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The Moral Significance of Class

£30.99

  • Date Published: May 2005
  • availability: Available
  • format: Paperback
  • isbn: 9780521616409

£ 30.99
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  • The Moral Significance of Class, first published in 2005, analyses the moral aspects of people's experience of class inequalities. Class affects not only our material wealth but our access to things, relationships, and practices which we have reason to value, including the esteem or respect of others and hence our sense of self-worth. It shapes the kind of people we become and our chances of living a fulfilling life. Yet contemporary culture is increasingly 'in denial' about class, finding it embarrassing to acknowledge, even though it can often be blatantly obvious. By drawing upon concepts from moral philosophy and social theory and applying them to empirical studies of class, this fascinating and accessible study shows how people are valued in a context in which their life-chances and achievements are objectively affected by the lottery of birth class, and by forces which have little to do with their moral qualities or other merits.

    • Draws upon moral philosophy to interpret what sociology tends to miss about class: its moral significance
    • Analyses the moral aspects of the subjective experience of class inequalities in an original and accessible way
    • Develops a new approach to understanding ordinary experience
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    Reviews & endorsements

    'It is stimulating and insightful both in the overall thrust of its argument and the details of its analysis ā€¦ a book of bread relevance to anyone interested in sociological theory, the normative dimensions of culture, and inequality.' American Journal of Sociology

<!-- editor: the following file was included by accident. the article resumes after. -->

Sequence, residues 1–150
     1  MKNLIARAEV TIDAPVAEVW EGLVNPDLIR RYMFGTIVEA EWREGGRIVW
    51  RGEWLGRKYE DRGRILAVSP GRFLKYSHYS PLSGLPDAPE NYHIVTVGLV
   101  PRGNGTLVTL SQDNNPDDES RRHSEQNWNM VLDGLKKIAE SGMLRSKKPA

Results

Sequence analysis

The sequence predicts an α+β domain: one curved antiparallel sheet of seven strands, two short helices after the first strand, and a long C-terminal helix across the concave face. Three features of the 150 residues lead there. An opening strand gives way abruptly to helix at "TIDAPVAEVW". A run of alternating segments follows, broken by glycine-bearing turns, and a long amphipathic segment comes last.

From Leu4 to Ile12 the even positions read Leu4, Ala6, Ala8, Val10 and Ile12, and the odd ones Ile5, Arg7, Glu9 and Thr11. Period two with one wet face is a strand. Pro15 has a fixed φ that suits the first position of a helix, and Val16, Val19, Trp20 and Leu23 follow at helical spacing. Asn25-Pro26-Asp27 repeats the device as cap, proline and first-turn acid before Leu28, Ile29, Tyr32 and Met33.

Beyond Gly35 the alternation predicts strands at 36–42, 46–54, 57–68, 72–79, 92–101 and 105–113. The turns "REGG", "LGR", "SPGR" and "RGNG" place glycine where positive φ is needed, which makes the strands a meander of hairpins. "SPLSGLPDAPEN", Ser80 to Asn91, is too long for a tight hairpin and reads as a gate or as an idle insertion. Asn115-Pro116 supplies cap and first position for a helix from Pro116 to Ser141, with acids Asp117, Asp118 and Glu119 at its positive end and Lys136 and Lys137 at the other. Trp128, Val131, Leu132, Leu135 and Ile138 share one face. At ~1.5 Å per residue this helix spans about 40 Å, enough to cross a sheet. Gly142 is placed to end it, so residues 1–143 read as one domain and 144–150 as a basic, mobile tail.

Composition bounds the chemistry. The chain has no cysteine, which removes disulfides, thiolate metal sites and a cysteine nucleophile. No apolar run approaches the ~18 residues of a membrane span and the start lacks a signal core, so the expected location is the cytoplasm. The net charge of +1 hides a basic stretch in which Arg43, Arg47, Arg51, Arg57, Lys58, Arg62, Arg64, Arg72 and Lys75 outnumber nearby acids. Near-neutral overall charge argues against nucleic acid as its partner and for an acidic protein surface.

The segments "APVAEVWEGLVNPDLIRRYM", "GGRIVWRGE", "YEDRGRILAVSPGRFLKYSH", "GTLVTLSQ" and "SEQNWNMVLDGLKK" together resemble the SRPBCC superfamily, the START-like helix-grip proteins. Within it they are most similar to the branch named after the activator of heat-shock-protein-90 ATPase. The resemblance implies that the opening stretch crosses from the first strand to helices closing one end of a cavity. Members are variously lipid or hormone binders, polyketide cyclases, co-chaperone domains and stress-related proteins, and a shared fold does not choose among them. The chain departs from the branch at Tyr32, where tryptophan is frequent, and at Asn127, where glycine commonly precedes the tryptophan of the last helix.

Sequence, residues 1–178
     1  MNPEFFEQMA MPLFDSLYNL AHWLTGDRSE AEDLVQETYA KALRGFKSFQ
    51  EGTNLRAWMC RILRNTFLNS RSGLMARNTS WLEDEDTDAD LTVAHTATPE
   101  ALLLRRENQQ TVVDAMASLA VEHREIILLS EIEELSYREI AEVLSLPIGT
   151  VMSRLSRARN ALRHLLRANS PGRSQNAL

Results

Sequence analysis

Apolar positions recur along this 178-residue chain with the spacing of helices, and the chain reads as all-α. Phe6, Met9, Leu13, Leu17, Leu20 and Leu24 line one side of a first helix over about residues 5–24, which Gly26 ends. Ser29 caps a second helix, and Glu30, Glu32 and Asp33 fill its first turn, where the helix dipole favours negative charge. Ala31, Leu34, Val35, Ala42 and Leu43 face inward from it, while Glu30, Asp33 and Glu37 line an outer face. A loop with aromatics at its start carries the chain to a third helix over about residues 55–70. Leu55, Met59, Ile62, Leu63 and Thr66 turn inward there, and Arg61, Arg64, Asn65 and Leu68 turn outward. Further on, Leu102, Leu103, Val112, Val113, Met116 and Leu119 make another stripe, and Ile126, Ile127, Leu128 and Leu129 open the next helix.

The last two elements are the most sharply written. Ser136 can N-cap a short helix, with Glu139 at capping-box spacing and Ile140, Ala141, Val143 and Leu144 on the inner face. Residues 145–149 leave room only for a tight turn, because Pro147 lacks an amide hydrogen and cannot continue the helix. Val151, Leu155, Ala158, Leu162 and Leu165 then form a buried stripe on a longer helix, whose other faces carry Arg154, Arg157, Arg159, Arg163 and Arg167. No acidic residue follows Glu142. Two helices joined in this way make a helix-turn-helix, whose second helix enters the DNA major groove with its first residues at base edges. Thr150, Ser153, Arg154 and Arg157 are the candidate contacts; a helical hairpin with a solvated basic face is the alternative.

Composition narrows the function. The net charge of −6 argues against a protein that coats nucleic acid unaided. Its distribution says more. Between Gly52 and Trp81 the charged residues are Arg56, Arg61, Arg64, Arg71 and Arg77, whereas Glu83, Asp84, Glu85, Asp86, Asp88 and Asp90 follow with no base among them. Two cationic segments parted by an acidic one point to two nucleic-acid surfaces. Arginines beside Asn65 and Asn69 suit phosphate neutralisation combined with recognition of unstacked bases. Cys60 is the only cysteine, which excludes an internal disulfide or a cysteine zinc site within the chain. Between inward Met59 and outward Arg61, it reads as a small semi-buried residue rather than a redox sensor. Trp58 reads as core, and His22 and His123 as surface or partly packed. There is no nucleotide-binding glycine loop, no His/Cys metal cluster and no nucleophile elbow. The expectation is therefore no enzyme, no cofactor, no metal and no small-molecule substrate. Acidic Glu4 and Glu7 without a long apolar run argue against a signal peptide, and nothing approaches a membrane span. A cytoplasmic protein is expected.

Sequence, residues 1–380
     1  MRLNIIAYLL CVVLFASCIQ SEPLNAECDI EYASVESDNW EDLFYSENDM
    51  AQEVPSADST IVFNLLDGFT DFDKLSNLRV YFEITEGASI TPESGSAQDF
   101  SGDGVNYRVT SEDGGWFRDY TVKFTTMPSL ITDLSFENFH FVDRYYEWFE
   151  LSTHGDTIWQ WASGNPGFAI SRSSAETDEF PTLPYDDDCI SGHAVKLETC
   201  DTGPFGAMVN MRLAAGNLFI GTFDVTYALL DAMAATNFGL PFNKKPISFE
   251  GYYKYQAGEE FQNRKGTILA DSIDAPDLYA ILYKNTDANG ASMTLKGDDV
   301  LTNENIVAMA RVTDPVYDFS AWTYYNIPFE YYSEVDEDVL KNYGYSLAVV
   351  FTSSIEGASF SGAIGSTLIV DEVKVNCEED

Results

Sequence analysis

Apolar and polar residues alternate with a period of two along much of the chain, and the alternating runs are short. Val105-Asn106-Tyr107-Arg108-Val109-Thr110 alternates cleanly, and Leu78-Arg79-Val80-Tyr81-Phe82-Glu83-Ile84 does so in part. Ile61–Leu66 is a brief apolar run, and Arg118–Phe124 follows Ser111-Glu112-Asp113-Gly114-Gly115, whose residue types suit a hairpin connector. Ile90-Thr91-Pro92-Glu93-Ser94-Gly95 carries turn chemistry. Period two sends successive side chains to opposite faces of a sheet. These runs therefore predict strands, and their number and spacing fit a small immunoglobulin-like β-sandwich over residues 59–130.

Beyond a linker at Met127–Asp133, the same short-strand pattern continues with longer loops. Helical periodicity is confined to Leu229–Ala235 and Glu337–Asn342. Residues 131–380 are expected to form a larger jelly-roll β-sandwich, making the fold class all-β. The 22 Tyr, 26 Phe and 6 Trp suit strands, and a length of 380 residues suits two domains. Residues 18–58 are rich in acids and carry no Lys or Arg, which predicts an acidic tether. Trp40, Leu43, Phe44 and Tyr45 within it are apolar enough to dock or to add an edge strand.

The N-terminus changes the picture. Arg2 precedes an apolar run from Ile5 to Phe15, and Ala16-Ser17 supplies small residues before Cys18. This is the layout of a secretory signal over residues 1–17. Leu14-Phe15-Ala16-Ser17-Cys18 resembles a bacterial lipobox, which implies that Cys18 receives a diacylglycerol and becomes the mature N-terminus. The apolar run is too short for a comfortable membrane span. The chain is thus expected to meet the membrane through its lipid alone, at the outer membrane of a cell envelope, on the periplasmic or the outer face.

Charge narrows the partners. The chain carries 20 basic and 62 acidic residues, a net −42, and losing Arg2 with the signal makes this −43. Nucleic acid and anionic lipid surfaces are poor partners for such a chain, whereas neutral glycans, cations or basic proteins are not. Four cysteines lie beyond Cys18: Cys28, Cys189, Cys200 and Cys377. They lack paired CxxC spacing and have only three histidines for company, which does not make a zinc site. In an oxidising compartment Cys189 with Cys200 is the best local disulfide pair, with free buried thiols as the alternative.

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    Product details

    • Date Published: May 2005
    • format: Paperback
    • isbn: 9780521616409
    • length: 256 pages
    • dimensions: 229 x 160 x 17 mm
    • weight: 0.38kg
    • availability: Available
  • Table of Contents

    Preface and acknowledgements
    1. Introduction
    2. From habitus to ethical dispositions
    3. Recognition and distribution
    4. Concepts of class: clearing the ground
    5. Struggles of the social field
    6. Moral and immoral sentiments and class
    7. Responses to class I. egalitarianism, respect(ability), class pride and moral boundary drawing
    8. Responses to class II. explanations, justifications and embarrassment
    9. Conclusions and implications
    References.

  • Author

    Andrew Sayer, Lancaster University
    Andrew Sayer is Professor of Social Theory and Political Economy at the Department of Sociology, Lancaster University. His publications include Microcircuits of Capital (1988, with K. J. Morgan), Method in Social Science (1992), The New Social Economy (1992, with R. A. Walker), Radical Political Economy: A Critique (1995), and Realism and Social Science (2000), and over eighty articles.

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